Kings On The Yukon

Jun 1, 2018

The first king salmon has already been caught on the Yukon river. Kings and chums were harvested on May 27, but there is a lot of water in the lower Yukon River this season, along with a lot of wood debris that's making it tough to fish.

This summer, kings are expected to arrive in the Yukon early and in good numbers like they did last year. The preseason prediction is a run of 170,000 to 251,000 kings on the Yukon River. State managers are being conservative until they get better numbers on the actual fish in the river. They plan to put District 1, District 2 and District 3 of the Yukon river on a reduced subsistence harvest. 

The South Coastal district, which includes Hooper Bay and Scammon Bay, will remain open 24 hours a day, seven days a week. Fishermen may use 7.5-inch or smaller mesh gillnets. The same is true for now in Districts 1, 2, and 3 of the Yukon River, which includes the Black River and North Coastal district.

But starting Friday, June 8, the subsistence salmon openings in District 1, which includes the Black River and North Coastal district, will be limited to two 18-hour periods per week from 2 p.m. Fridays to 8 a.m. Saturdays, and 2 p.m. Tuesdays to 8 a.m. Wednesdays. During subsistence salmon closures, fishing for non-salmon species is allowed. However, only gillnets with 4-inch or smaller mesh may be used.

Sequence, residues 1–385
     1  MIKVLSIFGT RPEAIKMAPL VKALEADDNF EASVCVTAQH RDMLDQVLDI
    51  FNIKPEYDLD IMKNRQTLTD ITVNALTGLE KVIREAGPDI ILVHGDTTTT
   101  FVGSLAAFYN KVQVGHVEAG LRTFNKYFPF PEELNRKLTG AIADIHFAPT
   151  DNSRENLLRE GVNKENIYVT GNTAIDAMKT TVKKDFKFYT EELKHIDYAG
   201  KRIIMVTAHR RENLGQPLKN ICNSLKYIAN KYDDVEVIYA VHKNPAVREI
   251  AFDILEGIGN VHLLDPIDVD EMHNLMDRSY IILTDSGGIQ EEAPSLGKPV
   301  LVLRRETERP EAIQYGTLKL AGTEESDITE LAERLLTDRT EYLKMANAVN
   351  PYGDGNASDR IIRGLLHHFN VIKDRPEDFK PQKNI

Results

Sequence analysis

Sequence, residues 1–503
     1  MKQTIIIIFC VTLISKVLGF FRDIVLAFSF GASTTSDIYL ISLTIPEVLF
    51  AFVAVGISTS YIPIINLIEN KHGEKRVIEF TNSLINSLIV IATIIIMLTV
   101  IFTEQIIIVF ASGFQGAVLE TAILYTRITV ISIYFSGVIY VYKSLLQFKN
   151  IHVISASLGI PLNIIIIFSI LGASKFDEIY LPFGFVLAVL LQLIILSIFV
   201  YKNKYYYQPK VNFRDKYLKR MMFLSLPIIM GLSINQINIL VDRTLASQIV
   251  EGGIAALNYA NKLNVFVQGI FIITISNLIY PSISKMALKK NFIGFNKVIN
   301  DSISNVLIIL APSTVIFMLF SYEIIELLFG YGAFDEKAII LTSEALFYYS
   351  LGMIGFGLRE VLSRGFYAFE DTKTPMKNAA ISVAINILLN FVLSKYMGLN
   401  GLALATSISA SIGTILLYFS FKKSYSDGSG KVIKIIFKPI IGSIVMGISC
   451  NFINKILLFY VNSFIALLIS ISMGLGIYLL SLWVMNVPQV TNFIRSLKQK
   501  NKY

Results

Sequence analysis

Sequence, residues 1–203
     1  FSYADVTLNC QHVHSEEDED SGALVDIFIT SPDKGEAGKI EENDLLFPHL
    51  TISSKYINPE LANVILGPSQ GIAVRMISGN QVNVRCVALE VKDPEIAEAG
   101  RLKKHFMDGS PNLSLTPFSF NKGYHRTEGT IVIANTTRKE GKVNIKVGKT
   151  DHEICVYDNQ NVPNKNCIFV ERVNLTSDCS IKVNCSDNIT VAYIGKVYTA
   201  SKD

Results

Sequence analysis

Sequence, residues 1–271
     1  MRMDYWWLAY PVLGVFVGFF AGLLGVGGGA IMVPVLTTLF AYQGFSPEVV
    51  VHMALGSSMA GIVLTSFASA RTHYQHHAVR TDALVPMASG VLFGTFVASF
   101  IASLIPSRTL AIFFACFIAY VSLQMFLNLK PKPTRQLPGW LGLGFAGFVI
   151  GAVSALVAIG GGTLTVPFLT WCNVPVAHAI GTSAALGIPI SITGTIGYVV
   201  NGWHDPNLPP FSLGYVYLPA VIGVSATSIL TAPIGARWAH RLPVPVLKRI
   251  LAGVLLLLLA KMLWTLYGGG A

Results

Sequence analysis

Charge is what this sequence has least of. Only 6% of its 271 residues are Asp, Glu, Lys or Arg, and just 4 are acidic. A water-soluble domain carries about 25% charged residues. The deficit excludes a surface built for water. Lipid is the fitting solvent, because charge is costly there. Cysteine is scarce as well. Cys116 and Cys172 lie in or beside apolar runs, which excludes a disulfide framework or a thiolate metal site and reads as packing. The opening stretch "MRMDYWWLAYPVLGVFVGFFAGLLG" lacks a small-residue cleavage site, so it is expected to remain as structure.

Districts 2 and 3 of the Yukon River will be under a similar management starting three days later on Monday, June 11, when subsistence harvest of salmon will be limited to two 18-hour periods a week from 2 p.m. Mondays to 8 a.m. Tuesdays, and 2 p.m. Thursdays to 8 a.m. Fridays. Again, during the salmon closures subsistence fishermen can target other species, but must use gillnets with 4-inch or smaller mesh.

Subsistence fishing remains wide open on the Innoko River, with fishing for any species open 24 hours a day, seven days a week with nets up to 7.5-inch mesh and fish wheels.

There is no word yet on whether there will be a commercial harvest of kngs on the Yukon. Last summer was the first time in years that there were enough fish to allow a commercial harvest of the world’s most oily king salmon. Word is that the decision to open a commercial fishery on kings won’t come until well into the run, when biologists are certain there are enough kings making it across the border into Canada and to spawning grounds to meet the terms of the Pacific Salmon Treaty between the U.S. and Canada.